As the Minnesota Vikings prepare to face off with the New Orleans Saints, we will focus on one key matchup each day. For part 4, we look at Cameron Jordan vs. the Vikings’ O-line. Read Part 1 here, part 2 here and part 3 here.
Since the second year of his career, New Orleans Saints pass rusher Cameron Jordan has been one of the most dangerous edge rushers in the NFL. But years of very bad overall defensive play by the Saints caused Jordan to be largely overlooked. He was twice ranked No. 99 in the NFL top 100 rankings and made two Pro Bowls before this year. With the Saints’ defense playing well, Jordan is finally getting the attention he deserves.
The Vikings’ offensive line has not only improved from last season, they have become one of the main reasons for the team’s offensive success. Not only have they done a good job protecting Case Keenum, their athleticism has allowed the Vikings to vastly improve in the run and screen game.
They have matched up with a number of great defensive linemen this season, especially at the defensive tackle position, but Jordan may be the best defensive end the Vikings have seen all year.
Since 2012, Jordan 58.5 sacks in 96 games, which equates to around 10 sacks per 16 games. He set a career high this season with 13.0 sacks during the regular season and added another one against Cam Newton and the Panthers in the Wild Card game. He also ranked seventh in the NFL in QB pressures. Jordan comes into the matchup with the Vikings on fire with 6.0 sacks in his last six games. The son of former Vikings tight end Steve Jordan impacts the game beyond just pass rushing. Over the last two years, he has 17 pass deflections and 16 run stuffs. Jordan was ranked the No. 1 edge rusher this year by Pro Football Focus.
Keenum both helped at hurt Minnesota’s numbers up front. The Vikings’ offensive line finished the season in Football Outsiders’ Adjusted Sack Rate, in part because Keenum can escape the pocket or avoid sacks. But the individuals’ Pro Football Focus grades may have suffered because Keenum holds the ball longer than many QBs as he looks for a play downfield. Riley Reiff ranked 62nd of 84 in pass blocking, Mike Remmers was 36th and Rashod Hill 52nd. All three played above those rankings.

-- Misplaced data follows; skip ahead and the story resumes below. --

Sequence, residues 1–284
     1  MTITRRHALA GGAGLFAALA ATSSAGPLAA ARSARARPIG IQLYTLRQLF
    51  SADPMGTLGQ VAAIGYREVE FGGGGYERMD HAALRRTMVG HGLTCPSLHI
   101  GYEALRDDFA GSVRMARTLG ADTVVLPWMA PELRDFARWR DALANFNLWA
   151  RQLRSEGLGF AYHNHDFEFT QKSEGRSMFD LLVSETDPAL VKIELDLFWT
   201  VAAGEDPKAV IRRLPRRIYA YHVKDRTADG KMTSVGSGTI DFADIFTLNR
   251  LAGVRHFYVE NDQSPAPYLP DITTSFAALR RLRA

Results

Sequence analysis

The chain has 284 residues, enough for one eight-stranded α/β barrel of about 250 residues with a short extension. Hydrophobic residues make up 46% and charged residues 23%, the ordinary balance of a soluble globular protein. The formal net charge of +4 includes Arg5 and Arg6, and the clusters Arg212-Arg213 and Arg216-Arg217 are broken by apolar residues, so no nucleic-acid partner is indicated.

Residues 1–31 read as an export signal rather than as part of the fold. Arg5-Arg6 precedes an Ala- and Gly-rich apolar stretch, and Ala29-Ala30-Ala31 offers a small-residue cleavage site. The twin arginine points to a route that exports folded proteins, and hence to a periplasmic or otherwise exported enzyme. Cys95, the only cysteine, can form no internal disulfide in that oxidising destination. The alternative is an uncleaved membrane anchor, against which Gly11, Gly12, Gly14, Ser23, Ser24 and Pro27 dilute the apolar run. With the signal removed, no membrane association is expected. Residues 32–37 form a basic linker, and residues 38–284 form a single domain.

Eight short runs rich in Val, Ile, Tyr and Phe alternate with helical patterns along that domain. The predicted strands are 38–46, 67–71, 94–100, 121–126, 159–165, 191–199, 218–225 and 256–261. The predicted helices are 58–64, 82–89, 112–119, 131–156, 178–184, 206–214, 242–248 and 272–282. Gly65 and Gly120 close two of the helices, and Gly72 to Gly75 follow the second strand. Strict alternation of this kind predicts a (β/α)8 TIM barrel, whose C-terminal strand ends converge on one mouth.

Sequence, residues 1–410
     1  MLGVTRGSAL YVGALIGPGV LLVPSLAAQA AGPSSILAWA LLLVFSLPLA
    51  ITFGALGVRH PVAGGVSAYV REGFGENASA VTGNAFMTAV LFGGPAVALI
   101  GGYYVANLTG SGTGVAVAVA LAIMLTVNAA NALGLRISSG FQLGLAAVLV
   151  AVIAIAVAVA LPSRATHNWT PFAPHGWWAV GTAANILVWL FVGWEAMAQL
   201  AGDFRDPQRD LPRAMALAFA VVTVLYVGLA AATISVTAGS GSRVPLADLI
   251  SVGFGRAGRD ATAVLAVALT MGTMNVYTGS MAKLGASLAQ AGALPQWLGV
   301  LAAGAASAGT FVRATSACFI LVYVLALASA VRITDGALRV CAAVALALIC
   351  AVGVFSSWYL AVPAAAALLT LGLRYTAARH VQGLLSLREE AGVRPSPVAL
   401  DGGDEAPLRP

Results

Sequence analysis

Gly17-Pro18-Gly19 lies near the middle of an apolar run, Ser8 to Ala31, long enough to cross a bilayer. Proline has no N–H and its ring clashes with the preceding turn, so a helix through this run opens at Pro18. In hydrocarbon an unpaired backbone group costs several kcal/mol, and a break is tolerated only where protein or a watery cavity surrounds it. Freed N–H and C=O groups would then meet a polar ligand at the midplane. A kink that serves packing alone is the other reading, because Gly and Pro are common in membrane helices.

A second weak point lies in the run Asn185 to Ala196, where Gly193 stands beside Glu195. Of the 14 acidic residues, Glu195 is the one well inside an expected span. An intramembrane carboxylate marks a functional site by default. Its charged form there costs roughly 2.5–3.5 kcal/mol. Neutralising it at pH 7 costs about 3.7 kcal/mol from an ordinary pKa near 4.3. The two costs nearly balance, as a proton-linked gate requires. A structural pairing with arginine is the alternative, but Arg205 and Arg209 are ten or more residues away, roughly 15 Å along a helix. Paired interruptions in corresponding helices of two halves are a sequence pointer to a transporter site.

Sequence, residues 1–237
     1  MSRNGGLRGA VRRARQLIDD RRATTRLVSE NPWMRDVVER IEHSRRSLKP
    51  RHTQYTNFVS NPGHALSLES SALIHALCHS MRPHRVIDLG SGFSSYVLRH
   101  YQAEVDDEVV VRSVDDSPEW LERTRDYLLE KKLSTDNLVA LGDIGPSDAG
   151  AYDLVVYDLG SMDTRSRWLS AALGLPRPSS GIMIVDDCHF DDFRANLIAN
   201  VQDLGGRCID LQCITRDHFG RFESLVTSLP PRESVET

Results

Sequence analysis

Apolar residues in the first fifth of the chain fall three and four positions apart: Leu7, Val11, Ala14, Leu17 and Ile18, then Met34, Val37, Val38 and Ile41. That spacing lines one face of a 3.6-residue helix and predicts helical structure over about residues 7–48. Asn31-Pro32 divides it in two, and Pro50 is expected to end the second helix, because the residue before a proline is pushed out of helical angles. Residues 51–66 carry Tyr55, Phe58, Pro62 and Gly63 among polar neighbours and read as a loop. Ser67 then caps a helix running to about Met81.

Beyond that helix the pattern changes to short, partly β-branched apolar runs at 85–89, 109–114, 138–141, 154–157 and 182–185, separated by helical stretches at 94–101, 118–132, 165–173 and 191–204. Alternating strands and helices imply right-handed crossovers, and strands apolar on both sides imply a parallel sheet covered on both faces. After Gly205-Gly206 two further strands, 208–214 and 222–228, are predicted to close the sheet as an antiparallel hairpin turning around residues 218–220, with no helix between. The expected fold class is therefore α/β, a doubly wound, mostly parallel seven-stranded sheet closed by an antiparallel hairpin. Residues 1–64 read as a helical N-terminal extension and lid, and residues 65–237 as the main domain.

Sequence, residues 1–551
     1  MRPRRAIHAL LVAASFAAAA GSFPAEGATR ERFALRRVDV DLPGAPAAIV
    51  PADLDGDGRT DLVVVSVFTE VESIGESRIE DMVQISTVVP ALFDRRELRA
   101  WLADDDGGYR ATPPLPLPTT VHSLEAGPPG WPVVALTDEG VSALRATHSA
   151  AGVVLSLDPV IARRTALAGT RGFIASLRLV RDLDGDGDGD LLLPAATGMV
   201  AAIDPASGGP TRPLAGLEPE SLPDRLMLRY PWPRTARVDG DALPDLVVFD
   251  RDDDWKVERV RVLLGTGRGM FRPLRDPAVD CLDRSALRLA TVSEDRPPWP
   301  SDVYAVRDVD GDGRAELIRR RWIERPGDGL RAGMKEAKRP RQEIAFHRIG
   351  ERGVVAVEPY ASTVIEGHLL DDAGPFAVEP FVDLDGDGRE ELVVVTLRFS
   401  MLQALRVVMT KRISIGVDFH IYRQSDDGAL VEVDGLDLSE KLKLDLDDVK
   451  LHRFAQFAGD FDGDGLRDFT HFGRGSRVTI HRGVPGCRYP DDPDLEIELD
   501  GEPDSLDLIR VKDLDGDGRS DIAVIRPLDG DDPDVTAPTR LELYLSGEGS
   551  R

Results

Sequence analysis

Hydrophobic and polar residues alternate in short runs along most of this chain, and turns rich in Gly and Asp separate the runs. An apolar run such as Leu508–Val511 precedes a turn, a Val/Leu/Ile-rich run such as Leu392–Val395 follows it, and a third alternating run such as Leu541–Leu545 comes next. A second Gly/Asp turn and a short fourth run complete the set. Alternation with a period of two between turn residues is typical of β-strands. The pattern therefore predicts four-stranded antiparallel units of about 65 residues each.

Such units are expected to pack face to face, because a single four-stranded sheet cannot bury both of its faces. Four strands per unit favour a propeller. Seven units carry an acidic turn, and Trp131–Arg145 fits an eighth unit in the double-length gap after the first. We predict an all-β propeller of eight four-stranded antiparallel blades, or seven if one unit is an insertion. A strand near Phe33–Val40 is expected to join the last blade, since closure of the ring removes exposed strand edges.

And all three could end up facing off with Jordan. The Saints’ D-end lines up on both sides of the defensive line depending on the situation. If the Vikings choose to keep Remmers at guard as he was in Week 17, then Hill will see Jordan the most.
In a league where many of the best edge rushers are on the lighter/speedier side, Jordan is one of the largest players at his position. At the 2012 NFL Combine, he ranked in the 90th percentile or above in weight, arm length and hand size. He also scored in the 74th percentile in the 40-yard dash. Like Everson Griffen, the Saints’ pass rusher can overpower tackles or he can beat them around the corner. At the top of his list of skills might be instincts. Jordan sniffs out screen passes, blows up run plays and has a great understanding of how opponents will attack him.
If the Vikings use Remmers at right tackle, he’ll have a chance against Jordan because of his size and power. In Week 1, Remmers gave up one sack to Jordan, but largely kept him away from Sam Bradford by matching his raw strength. If Hill starts at right tackle, he will have to use a different skill to beat Jordan: His length. Hill has exceptionally long arms that he uses to force edge rushers wide. On the left side, Reiff is the most technically sound of the three and has the toughness and determination to match up with the best defensive ends for four quarters.
Jordan picked up one sack and two tackles in Week 1. Back in 2014, he sacked Teddy Bridgewater in his first career appearance. Last year, he sacked Matthew Stafford once with Riley Reiff playing right tackle.
Keenum’s escapability is always an X-factor for the Vikings. Even if Jordan creates pressure, Keenum has shown that he can still make plays and take a big hit or run outside the pocket. Also the ripple effect of losing Nick Easton at left guard will either cause the Vikings to play a backup at either left guard or right tackle. That may impact the Saints’ ability to get pressure and stop the run. Jordan’s talent for sniffing out screens could be an issue as the Vikings create big plays through behind-the-line passes.